Couch Potato

The Defenders and Finding Your Cause



Well everyone, we’re finally here. After several years, four shows, and five seasons Marvel’s foray into Netflix has come to a head, and we’ve been given the team up that’s been promised since the very beginning. The Defenders is here. Now, I’ve been a big fan of these Marvel Netflix shows, and this one is no different. I understand the criticism that’s often lobbed at them though. I know people think that they’re often too long, too plodding, have plots that end up feeling like two distinct seasons of television smashed together, and it tends to run far darker than the larger MCU, giving more violent and crime-oriented stories. And I see that, I do. But, to me, the good outweighs the bad, and these shows have been a delight for me. Even when the bad really starts to pile up, like in Iron Fist, I’ve found myself greatly enjoying these shows, and I’ve been excited to see where they build to. We’ve been given four protagonists and a bevy of side characters who are terrific, who feel like loving adaptations of some of my favorite comic characters of all time, and they’ve been given chances to be real heroes. Yeah, I can whinge about the fact that this team shouldn’t be called the Defenders, even though they do get into some mystical stuff near the end, but that’s really just a small and petty complaint. Because, for the most part, I think this series is a joy, crossing over four very different shows and their four protagonists to create some great superhero fiction that builds off six previous seasons while promising even bigger stories in the future.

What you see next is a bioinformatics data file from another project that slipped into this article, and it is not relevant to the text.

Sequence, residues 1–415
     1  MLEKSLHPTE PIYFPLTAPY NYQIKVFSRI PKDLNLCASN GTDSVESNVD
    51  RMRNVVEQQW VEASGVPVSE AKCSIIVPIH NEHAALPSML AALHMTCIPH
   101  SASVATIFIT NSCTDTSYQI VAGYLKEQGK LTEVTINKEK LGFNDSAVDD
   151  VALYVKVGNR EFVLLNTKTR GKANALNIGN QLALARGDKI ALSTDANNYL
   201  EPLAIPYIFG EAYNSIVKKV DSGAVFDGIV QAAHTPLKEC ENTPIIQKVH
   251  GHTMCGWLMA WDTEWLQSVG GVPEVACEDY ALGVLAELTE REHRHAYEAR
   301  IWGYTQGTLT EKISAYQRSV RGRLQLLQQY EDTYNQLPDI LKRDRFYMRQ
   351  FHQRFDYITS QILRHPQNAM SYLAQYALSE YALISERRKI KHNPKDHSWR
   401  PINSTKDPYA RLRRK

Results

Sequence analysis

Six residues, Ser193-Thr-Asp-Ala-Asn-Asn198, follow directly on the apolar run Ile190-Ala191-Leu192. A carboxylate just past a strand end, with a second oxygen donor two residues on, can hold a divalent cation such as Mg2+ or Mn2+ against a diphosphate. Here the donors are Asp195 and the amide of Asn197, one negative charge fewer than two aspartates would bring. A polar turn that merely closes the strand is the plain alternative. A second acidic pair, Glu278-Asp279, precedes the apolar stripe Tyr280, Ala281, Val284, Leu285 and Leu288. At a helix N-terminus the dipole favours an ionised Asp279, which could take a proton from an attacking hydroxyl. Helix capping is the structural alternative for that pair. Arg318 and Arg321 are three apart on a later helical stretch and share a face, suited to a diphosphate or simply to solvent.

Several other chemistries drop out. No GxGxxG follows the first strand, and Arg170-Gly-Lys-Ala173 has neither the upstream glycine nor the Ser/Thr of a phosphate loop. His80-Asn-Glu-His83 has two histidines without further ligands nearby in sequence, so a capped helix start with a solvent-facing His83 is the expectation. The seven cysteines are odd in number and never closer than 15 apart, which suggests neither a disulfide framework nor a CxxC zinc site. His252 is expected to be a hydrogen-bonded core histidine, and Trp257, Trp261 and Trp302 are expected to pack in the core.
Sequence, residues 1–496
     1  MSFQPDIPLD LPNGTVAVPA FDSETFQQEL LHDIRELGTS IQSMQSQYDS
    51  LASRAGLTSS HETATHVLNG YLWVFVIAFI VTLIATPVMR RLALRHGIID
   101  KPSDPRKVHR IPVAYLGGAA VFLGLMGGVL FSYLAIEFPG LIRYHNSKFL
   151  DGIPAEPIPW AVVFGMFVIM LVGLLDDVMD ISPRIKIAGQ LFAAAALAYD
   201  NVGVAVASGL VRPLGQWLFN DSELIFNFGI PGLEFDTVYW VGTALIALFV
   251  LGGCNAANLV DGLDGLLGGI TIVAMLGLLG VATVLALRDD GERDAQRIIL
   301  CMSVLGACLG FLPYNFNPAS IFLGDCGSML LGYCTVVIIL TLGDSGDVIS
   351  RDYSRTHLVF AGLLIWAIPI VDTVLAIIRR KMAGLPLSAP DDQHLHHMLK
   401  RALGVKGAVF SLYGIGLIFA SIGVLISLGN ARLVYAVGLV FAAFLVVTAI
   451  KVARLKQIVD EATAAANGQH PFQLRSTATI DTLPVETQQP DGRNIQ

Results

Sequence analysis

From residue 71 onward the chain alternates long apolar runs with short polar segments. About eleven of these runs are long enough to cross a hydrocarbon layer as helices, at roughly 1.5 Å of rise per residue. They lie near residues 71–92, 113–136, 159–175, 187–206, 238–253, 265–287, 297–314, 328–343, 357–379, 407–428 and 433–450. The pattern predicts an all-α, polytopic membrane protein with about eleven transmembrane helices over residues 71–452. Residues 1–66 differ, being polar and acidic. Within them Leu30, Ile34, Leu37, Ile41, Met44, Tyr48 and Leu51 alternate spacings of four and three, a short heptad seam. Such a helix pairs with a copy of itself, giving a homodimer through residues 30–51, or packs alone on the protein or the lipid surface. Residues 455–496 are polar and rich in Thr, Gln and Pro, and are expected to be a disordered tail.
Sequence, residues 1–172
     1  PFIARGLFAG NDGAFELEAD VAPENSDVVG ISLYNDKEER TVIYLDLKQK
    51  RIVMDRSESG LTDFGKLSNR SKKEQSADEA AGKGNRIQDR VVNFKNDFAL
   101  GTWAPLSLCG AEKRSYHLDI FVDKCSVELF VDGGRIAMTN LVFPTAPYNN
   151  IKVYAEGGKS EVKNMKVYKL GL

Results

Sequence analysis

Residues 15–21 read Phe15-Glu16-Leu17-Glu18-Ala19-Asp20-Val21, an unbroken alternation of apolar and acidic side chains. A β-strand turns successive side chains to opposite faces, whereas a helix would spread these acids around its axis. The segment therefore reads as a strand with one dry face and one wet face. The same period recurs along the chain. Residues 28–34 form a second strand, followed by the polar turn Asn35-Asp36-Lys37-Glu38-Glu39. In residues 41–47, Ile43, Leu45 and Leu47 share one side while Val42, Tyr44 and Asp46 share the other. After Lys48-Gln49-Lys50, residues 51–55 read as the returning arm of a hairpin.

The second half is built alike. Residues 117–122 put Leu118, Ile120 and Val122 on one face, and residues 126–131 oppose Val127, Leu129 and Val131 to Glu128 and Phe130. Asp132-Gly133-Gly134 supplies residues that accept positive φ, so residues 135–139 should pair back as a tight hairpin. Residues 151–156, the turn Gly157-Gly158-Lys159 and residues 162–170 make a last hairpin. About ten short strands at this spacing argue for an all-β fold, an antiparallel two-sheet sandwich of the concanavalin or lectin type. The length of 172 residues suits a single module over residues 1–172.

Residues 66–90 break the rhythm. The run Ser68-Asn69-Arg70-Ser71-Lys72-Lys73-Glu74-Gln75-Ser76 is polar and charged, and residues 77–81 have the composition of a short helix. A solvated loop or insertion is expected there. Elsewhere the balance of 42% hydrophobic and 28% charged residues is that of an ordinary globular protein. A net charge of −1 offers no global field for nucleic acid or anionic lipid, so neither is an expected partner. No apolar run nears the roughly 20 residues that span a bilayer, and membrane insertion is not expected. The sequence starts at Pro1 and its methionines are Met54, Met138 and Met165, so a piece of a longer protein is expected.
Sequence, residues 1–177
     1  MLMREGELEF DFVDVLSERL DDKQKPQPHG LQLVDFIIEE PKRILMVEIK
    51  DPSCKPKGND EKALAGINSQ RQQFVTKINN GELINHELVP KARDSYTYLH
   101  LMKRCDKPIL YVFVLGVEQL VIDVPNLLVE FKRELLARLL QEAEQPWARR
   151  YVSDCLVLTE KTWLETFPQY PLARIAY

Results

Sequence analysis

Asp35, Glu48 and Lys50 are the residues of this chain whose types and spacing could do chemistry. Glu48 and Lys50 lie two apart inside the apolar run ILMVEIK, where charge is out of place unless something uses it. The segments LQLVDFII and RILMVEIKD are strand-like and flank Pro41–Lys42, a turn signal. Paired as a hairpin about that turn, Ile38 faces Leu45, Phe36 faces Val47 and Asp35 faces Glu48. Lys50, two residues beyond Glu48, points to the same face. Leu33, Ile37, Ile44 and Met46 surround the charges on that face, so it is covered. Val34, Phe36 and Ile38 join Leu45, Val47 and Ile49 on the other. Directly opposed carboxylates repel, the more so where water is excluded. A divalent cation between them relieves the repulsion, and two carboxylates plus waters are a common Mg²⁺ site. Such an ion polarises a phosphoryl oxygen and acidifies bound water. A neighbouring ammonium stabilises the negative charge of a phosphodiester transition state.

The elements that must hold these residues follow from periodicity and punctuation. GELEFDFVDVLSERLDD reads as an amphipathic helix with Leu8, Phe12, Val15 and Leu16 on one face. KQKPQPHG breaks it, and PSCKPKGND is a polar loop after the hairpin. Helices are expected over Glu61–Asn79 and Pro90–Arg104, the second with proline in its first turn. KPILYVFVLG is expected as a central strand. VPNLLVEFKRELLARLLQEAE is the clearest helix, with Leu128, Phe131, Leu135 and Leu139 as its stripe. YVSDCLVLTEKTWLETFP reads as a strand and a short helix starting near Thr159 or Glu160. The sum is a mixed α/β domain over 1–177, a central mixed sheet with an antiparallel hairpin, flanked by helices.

Throughout the course of the other shows we have been introduced to a massive, powerful, and ancient organisation known as the Hand. They’re a mysterious cult with an army of ninjas at their beck and call, countless shell businesses and organizations that have been hiding for centuries, all to find the secret of immortality. The Hand is run by five leaders, two of which we’ve met in Madam Gao and Bakuto, along with three newcomers, Murakami, Sowande, and their leader Alexandra. They’ve enacted a plan to extend their lifespans even further than they’ve already been given, and it all revolves around a massive pit that they’re excavating in Manhattan, hidden by a new skyscraper that they’ve built to hide it. And who is going to be able to stand up to the Hand? Well, we see that our four heroes have been drawn into this conspiracy, all for their own reasons. Iron Fist has been trained since childhood to defeat the Hand, and his quest has drawn him back to New York and into the path of Alexandra’s businesses. Daredevil has been aware of the Hand for quite some time, and is specifically tracking them down after they killed Elektra, the love of his life. Luke Cage has just been released from prison, and is quickly drawn in by learning that Sowande is convincing young black men in Harlem to work for him, basically turning them into canon fodder. And Jessica Jones has accepted the task of investigating the strange suicide of the architect who designed the Hand’s building, trying to find what caused him to do this to himself, and why he was planning on destroying the building he helped design. And, eventually, all four of these heroes find themselves at the Hand’s skyscraper, fighting against Alexandra’s army of soldiers.